By John Pryor
Recent Israeli elections have awakened new discussions about the future of Israeli-Palestinian relations. With this in mind, an audience gathered at the Frontline Club on 18 March for a screening of Academy Award-nominated The Gatekeepers. This powerful film provides a unique insight into the aftermath of the Six Day War and the occupation from the point of view of six former heads of the Shin Bet.
Assembling the six men was a long process for director Dror Moreh, who said the key was finding a ‘gate opener’ to facilitate his approach to the others. This man was Ami Ayalon who agreed to participate after subjecting Moreh to something resembling an interrogation. Moreh emerged from the interviews with a documentary which tackles critical questions about the occupation, reveals the thought processes behind the application of force and assesses the place of morals within the fight against terrorism.
Asked about the reaction to the film from the Israeli government, Moreh said:
“The centre right and the centre left endorses the film completely. . . . When you look to the far right they totally shame and ban the film and they try to say that this is the most anti-Israeli film. . . . The far left is the same phenomenon, you know: ‘You gave those war criminals the opportunity to speak.’”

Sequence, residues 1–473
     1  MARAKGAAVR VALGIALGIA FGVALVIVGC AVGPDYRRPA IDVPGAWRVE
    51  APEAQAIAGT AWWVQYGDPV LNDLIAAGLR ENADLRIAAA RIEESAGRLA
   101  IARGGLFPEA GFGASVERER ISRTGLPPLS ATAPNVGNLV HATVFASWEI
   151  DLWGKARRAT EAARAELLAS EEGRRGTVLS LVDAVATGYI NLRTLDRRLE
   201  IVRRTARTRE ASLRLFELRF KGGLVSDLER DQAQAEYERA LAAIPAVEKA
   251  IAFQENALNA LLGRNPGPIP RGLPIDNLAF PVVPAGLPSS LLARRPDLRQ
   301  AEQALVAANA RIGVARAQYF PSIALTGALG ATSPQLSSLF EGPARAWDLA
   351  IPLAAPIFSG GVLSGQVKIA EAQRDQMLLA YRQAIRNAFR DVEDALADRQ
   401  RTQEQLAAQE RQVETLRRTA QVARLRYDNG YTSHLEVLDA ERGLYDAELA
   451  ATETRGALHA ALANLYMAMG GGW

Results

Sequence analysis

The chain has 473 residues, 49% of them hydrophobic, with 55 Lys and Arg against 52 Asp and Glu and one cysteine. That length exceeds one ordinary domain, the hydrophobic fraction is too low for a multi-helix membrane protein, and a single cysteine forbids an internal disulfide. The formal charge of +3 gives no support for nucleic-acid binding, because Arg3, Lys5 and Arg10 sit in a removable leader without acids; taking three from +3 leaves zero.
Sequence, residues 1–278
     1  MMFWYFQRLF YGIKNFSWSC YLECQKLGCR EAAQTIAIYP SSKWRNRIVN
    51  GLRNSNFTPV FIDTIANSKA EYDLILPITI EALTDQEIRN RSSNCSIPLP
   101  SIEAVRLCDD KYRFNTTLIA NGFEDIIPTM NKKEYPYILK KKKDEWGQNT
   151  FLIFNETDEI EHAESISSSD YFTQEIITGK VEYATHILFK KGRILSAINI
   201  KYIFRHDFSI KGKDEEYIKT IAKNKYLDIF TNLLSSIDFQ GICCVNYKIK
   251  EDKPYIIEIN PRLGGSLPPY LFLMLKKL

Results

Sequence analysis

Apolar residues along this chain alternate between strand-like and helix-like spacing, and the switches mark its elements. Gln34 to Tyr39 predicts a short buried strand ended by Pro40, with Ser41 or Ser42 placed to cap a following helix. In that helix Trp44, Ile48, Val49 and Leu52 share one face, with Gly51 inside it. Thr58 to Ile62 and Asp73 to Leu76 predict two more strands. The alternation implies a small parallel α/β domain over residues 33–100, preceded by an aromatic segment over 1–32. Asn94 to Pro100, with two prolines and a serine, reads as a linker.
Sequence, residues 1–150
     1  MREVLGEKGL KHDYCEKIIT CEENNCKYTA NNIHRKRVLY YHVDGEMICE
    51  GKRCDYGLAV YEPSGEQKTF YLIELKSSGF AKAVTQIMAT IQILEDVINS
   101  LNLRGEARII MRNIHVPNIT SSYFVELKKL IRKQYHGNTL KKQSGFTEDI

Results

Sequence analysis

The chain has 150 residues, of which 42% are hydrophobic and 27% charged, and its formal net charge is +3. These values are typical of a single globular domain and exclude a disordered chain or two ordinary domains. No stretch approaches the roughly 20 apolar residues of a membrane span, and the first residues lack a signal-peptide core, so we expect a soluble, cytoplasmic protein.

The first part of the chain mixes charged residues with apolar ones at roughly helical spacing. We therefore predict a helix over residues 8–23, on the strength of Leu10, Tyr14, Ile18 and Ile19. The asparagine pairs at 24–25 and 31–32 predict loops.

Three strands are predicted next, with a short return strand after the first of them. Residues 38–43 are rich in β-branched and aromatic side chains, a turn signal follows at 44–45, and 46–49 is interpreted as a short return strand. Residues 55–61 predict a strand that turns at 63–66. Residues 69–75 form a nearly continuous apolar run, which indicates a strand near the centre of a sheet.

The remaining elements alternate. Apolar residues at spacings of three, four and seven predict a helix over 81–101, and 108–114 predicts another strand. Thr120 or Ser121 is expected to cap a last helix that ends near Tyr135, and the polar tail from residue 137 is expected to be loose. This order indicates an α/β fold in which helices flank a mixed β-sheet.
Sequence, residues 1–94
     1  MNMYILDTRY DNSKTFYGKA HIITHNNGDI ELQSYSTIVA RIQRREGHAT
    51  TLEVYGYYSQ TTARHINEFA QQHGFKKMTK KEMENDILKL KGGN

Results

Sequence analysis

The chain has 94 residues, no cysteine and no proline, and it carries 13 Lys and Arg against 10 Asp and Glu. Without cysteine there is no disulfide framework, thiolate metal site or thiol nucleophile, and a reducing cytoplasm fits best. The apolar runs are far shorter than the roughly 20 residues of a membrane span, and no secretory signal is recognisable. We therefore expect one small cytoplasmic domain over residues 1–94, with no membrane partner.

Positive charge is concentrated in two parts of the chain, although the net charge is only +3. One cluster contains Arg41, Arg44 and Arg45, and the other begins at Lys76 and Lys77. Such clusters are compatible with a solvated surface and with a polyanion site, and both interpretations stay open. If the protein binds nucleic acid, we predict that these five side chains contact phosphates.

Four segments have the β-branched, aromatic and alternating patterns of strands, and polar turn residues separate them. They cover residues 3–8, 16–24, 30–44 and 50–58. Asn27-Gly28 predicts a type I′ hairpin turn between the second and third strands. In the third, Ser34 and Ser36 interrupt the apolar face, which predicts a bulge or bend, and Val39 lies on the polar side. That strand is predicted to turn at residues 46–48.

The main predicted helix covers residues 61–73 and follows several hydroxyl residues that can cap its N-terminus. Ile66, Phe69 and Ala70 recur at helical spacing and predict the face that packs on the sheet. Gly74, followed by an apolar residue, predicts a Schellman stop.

The perceived impact of the film on the actions of Israeli prime minister Benjamin Netanyahu pleased Moreh:
“The fact that it forced him not to go with the far right, as he wished, but he has to be more central now, and he suffers from that . . . for me, I like that.”
Moreh explained that it was clear that the diverse reactions to the film in the public arena illustrated its profound impact:
“At almost every screening that I was in in America, and it was a diversity of screenings . . . it moved people immensely.
“There were a lot of angry Jews [coming] to the movie . . . but I think that the movie poses a huge paradox for them. . . . After the screening in Jerusalem, three settlers came to me and they said to me: ‘We are going to think very very thoroughly about where we live, why we live there and if the fact that we live there poses a threat to the existence of the state of Israel.’”
The discussion then addressed what motivated the six men to participate, Moreh said;
“They understand where they live and understand what can be achieved and what cannot be achieved. And I think when they look at their lives’ work, basically trying to maintain the security of Israel, they are really really worried. . . . They think we are almost beyond the point of no return, that a two state solution will soon be only a dream. . . . My point of view is that we are passed that point.”
Finally Moreh talked the audience through some of the intricacies of the film making process, he described how important it was for him to keep the film a secret from the media prior to its release in the USA and spoke about where he got the military material which featured heavily in the film:
“There was [a lot of] CGI – this is a completely different method because it is a secret service. . . . Part of the visual solution for me to create that movie was to create the language you saw which is CGI, creating a visual language which is based on real documents, real photos.”
There will be a longer version of the film realised in a five-part series. To find out more information visit the documentary website.